Table 2. Results of clothing area factors.

Tsuchikawa et al. [29]. Therefore, we estimated the clothing area factor by using the projected area of a naked infant whose reclining angle matched the elevation and azimuth angle of 60˚ [31], as a reference value for the values of 0˚ and 60˚ elevation in Tsuchikawa et al. [29]. The estimated clothing area factor for an infant in a stroller was 3.76. The results are generally consistent with the present study for a reclining angle of 150˚.

Examining heat exchange between the human body in a wheelchair and the environment, Tsuchikawa et al. [53] found that the clothing area factor of a naked adult in a wheelchair was 1.18. They also found the clothing area factor for an adult in a wheelchair to be 1.28. Tsuchikawa et al. [53] compared the clothing area factor of a clothed adult in a chair-seated position with that of Yamato et al. [48] in almost the same clothed state, and found that the wheelchair affected the heat balance of the human body sitting in it. In the present study, the clothing area factor was significantly higher than that of a naked adult in a wheelchair. Therefore, it can be inferred that strollers have a pronounced effect on the heat balance between the body of an infant in a stroller and the environment.

3. Clothing Thermal Insulation

3.1. Clothing Thermal Insulation Experimental Design

An experiment was conducted to clarify the clothing thermal insulation of an infant riding in a stroller by actual measurements. The actual measurement of the clothing thermal insulation was the same as that of Kurazumi et al. [32]. The clothing thermal insulation was computed using the calculation method of Kurazumi et al. [50], based on the theory of Seppanenn et al. [54].

The experiment was carried out in the environmental laboratory shown in Figure 4. The environmental laboratory was equipped with a conventional air conditioning system, and air intake and exhaust were conducted from the wall. The walls and ceilings were covered with thin curtains to give thermal environmental conditions, such that the mean radiant temperature at which the wall surface temperature was equal to the air temperature was the same as the air temperature.

The subject of the measurements should have been a healthy infant, but ethically this was not possible. Therefore, the experiment was conducted using an infant thermal manikin, the effectiveness of which has been confirmed in terms of body size and heat transfer area [19]. Figure 5 displays the infant thermal manikin, and Table 3 shows its body surface area [19]. The thermal manikin is designed to reproduce the 3D shape of the human body. However, the weight of the human body has not been reproduced. The same applies to the thermal manikin that have been developed until now. Many adult thermal manikins are commercially available, including those from Kyoto Electronics Manufacturing Co., Ltd. [55], Measurement Technology North West Thermetrics [56], Intec Co., Ltd. [57], and PT-Teknik [58], and Measurement Technology North West

Figure 4. Plan of experimental setup where infant thermal manikin is exposed to thermal conditions.

Figure 5. Infant thermal manikin. Posture is sitting on wooden frame support rack with bamboo material. Recline angle is 150˚.

Table 3. Characteristics of infant thermal manikin.

Thermetrics [56] also sell an infant thermal manikin. However, these are made based on the dimensions of the human body and not on the weight. Moreover, the weight of each part of the infant is unknown. Therefore, the weight of the thermal manikin is not taken into consideration in this study.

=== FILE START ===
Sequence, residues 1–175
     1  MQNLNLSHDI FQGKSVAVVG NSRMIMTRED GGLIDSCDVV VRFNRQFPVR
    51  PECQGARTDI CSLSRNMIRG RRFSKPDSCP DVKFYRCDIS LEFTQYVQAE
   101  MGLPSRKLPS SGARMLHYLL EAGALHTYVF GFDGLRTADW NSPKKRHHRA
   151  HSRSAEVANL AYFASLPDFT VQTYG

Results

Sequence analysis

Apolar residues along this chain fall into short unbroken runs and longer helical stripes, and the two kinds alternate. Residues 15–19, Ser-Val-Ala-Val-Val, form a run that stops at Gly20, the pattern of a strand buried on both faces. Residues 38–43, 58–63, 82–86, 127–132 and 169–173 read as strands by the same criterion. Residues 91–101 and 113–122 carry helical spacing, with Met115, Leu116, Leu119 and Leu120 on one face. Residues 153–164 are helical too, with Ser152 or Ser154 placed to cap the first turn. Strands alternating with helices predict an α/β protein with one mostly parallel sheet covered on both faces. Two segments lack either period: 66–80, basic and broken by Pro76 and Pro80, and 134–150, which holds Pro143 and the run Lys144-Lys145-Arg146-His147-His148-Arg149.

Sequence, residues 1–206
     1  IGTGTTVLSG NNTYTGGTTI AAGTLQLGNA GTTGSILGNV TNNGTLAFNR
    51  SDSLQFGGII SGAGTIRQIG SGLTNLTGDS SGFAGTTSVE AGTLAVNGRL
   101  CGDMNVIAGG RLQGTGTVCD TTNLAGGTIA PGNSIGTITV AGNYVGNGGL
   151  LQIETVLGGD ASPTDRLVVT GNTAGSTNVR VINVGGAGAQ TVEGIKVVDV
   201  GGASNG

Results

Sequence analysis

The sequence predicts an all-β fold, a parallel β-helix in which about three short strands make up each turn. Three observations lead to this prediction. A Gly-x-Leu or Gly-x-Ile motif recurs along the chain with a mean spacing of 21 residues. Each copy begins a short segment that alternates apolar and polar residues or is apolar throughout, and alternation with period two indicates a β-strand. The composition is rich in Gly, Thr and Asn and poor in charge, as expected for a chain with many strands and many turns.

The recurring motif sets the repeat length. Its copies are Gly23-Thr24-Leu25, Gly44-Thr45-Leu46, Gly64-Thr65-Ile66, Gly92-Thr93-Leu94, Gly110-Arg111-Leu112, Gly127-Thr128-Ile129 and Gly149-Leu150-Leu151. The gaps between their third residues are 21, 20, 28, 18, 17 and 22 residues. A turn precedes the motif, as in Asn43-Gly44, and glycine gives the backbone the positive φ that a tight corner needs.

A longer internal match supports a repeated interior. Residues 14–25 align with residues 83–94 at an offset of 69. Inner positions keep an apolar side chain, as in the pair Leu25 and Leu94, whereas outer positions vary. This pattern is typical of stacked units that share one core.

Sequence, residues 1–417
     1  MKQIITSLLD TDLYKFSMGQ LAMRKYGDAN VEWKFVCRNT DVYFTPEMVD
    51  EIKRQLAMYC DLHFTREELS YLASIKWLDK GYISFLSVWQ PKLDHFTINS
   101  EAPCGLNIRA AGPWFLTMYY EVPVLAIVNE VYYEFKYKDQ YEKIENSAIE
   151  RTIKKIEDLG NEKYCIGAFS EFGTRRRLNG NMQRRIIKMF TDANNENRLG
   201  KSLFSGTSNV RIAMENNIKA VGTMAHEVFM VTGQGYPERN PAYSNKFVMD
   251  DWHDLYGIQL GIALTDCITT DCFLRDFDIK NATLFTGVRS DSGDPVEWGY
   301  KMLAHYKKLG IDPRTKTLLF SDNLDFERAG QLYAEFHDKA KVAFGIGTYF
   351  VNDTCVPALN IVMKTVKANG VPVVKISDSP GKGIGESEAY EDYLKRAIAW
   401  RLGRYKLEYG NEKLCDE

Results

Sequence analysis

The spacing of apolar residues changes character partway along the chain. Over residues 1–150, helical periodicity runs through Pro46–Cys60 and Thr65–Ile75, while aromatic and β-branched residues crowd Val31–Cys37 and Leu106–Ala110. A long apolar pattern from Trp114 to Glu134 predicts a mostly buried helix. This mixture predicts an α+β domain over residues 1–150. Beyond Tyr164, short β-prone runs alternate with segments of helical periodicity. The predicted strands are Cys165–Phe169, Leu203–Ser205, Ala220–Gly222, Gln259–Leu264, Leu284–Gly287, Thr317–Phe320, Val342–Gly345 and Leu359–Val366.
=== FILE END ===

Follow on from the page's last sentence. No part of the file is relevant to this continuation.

As described in the measurement of the clothing area factor, the clothing used in the experiment was only the part of the seat with which the infant in the stroller comes into contact. A Combi SUGOCAL 4 Wheels EggShock Light Plus (Combi Corporation) was used for the stroller. The position used in the experiment was set such that the angle of the backrest of the stroller was 150˚, as described in the actual measurement of the clothing area factor.

It has been confirmed that the infant thermal manikin of the present study [19] was identical in terms of shape and heat transfer area to the infant human model [42] described in the actual measurement of the clothing area factor [19]. Therefore, it is considered possible to use values clarified by actual measurement of clothing area factor for the calculation of the clothing thermal insulation.

The position in a naked state was maintained by placing the infant thermal manikin directly on a wooden frame with a support frame made of 5 mm breathable bamboo material, such that 0.05 m behind the umbilicus, which is the center point of the infant thermal manikin, was 0.90 m from the floor of the exposure space, and all surfaces were open to airflow. The surface of the infant thermal manikin was considered open to the atmosphere because the support frame has a small heat capacity, and during the experiment few parts were in contact with the manikin. To maintain the position of the infant in the stroller, the height of the stroller was adjusted using cardboard spacers on its wheels, such that 0.05 m behind the umbilicus, was 0.90 m above the floor of the exposure space. The stroller was deemed open to the atmosphere because the cardboard spacers have a low heat capacity and had little contact with the stroller’s wheels.

Table 4 shows the set thermal environment conditions. This study was an exploratory and basic study aimed at clarifying the clothing thermal insulation of a typical infant. Accordingly, the thermal environment conditions were homogeneous, such that the mean radiant temperature, at which the surface temperature of the surrounding walls was the same as the air temperature, took three different temperatures of 20˚C, 22˚C and 24˚C, and was equivalent to the air temperature. Air velocity (a still condition of current under 0.2 m/s) and relative humidity (60% RH) were kept constant for all conditions.